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I just have some concerns with the debt I would accrue after graduation if I were to pursue a graduate degree coming this Fall 2013. Even though I've been granted a "full" entrance scholarship, I would be walking out with at 100k in debt (in the form of federal student loans and from private banks in the U.S.). As I am an international student, financial aid outside of the one I have received is more difficult to come by.
I know location often times determines the general scale of one's salary right out of grad school, but here are some questions I would like answered if anyone is willing to reply. *If you can identify with the first question, then you are likely able to respond to the ones following that:
1. Is there anyone that out there that currently shoulders this kind of debt?
2. If so, how are you getting by? What have you found yourself cutting back as part of your budget?
3. Is it manageable? And how have you planned your repayment with your bank/gov?
4. Can you provide a general/ballpark breakdown of how you budget your monthly income? (What percent goes to repayment, what goes to rent, what goes to food/transportation..etc.)
I understand architecture really isn't a lucrative profession by any means, and we all push through it because we either A) believe there is some kind of light at the end of the tunnel that will make this kind of financial instability "worth it", B) or the love of the practice/lifestyle far exceeds any kind of sacrifice.
These concerns more than likely has been asked and addressed in this forum, but I haven't been able to find anything that I felt was adequate. Please and thank you for those that can take the time to respond!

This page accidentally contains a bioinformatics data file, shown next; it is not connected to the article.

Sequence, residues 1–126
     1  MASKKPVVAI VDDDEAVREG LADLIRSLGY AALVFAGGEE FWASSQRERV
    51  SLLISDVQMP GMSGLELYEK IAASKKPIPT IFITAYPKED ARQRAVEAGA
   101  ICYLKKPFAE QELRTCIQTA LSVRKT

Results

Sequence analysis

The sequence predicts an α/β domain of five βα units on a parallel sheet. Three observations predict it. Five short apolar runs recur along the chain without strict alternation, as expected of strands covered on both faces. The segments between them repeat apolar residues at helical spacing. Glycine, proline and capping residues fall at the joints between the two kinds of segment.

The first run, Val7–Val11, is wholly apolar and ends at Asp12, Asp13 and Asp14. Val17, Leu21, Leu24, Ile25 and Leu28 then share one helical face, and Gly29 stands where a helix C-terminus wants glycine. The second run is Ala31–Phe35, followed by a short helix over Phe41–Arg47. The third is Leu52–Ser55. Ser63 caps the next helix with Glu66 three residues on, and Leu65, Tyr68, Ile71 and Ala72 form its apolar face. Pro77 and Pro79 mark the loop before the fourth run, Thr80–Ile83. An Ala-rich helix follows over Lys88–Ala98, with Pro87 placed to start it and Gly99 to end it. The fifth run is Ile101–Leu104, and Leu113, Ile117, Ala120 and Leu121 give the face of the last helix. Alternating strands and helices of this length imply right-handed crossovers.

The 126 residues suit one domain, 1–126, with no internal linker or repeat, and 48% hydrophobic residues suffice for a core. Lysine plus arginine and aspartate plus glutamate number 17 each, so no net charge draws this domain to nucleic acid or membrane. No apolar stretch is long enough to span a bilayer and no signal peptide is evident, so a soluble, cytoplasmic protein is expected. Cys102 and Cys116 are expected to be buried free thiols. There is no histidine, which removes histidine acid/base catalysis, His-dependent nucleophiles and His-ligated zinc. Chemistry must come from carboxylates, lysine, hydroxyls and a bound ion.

I'm not from the States but what does 'Full Scholarship' cover? I'm guessing it doesn't cover all your expenses. How would you end up with 100K debt? Unless you're living on your own in NYC and attend grad school for 3 years, I can't imagine how one could have that much debt with full scholarship. :)
I came out of undergrad with 35K in debt after 5 years and am trying not to think how long its going to take me to pay it back in this north american economy. The loan officers have been hounding me to start making payments.
I'm sort of in the same boat as you. Coming out of undergrad, I've accrued about 29k, and have paid off a measly 2k of it (paying the minimum monthly payment). Being an international student, I would still have to pay the non-residential tuition (x3), along with basic living expenses like housing/food/transportation/books..etc.. (x3, for the duration of the program).
I did some basic calculations, and it's basically come to that.
accesskb, what is your current situation? Are you living on your own, and with what debt total? Where do you live, and how are you getting by? I'd love to know! *Sorry, it sounds like I'm interrogating you, but you I hope you understand lol
i'm in a mess right now.. Back home living with my parents, still looking for a job. Over due on loan payments by a year now. I can't even pay the minimum. Loan officers have been sending me letters and calls everyday. I'm sorry but there is not much I can do beside avoid you all. I'd work and make payments if I can find a job. xD Grad school will have to be put aside for now, until I find a job, pay back my current debt and save enough for grad school. I can't even begin to imagine those studying in US who've come out with 100K + or so in debt :/ I did not know non-residential tution is x3. So what is your 'full scholarship' for anyway? does it cover any part of your tution? do you get any money for expenses? I though of applying to US for grad school but that certainly won't happen for another few years, if at all.